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The Whole World Was WatchingSport in the Cold War$
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Robert Edelman and Christopher Young

Print publication date: 2019

Print ISBN-13: 9781503610187

Published to Stanford Scholarship Online: May 2020

DOI: 10.11126/stanford/9781503610187.001.0001

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PRINTED FROM STANFORD SCHOLARSHIP ONLINE (www.stanford.universitypressscholarship.com). (c) Copyright Stanford University Press, 2022. All Rights Reserved. An individual user may print out a PDF of a single chapter of a monograph in SSO for personal use.date: 23 May 2022

New Regional Order

New Regional Order

Sport, Cold War Culture, and the Making of Southeast Asia

(p.189) 12 New Regional Order
The Whole World Was Watching

Simon Creak

Stanford University Press

Despite being minnows on the world stage, Thailand and the newly independent countries of Southeast Asia embraced sport during the Cold War as a means of nation and region building. This essay examines the political dimensions of the South East Asia Peninsular Games—the precursor of today’s Southeast Asian Games—founded in 1959 by US ally Thailand. This event reflected and reinforced the Cold War culture of Thailand and Southeast Asia. The games embodied motifs of regional friendship and antagonism between the “free” anti-Communist and neutralist nations of peninsular Southeast Asia; domestically, they embodied key themes in the domestic Cold War culture of Thailand, including nationalism, developmentalism, the revival of the monarchy, and militarization. This essay examines the Thai military junta’s objectives in founding the event, the effectiveness of the inaugural South East Asia Peninsular (SEAP) Games, and the cultural and semiotic features that reinforced the games’ major themes.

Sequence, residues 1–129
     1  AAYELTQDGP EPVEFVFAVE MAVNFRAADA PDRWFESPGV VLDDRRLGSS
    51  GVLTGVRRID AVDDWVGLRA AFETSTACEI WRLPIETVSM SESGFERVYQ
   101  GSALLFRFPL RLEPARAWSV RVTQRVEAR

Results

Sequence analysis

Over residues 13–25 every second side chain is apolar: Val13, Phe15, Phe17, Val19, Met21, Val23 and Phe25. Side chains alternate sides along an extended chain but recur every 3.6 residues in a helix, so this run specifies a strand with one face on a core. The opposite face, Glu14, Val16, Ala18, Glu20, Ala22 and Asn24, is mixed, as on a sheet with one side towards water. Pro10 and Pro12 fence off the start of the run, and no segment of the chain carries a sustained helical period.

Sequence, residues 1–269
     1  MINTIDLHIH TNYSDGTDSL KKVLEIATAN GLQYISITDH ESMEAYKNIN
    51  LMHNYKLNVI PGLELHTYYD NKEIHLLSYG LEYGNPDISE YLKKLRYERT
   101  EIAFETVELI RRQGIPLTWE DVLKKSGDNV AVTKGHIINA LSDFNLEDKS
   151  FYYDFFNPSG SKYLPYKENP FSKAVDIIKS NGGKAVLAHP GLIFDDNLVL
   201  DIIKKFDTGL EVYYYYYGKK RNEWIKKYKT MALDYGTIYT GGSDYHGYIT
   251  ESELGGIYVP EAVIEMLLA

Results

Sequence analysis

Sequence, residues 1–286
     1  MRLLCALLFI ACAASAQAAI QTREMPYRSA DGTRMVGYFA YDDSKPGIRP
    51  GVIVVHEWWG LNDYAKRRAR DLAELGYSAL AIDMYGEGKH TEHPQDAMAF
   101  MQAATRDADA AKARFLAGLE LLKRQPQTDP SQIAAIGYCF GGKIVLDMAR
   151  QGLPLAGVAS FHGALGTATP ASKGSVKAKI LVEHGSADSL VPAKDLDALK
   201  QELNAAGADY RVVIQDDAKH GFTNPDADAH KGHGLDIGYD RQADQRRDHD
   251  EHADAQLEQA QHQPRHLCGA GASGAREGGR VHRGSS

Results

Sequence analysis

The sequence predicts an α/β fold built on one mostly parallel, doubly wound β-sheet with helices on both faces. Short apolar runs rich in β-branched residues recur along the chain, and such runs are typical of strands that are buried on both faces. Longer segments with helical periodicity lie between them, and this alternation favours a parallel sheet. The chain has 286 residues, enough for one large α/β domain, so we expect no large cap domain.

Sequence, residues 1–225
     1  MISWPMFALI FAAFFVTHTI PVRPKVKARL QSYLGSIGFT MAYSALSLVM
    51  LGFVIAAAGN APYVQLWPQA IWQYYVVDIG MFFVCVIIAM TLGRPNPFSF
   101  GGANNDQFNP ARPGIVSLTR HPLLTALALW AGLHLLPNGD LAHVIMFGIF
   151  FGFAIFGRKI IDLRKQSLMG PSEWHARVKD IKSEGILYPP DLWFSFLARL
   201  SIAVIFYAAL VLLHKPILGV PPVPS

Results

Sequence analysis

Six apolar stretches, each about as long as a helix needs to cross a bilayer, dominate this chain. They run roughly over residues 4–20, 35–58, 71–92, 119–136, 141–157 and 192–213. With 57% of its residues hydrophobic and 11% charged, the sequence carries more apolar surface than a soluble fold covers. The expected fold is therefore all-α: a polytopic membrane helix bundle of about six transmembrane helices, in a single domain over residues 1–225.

Keywords:   Southeast Asia, Thailand, Vietnam, regionalism, decolonization, nationalism, anti-Communism, South East Asia Peninsular (SEAP) Games, Southeast Asian (SEA) Games, Olympics

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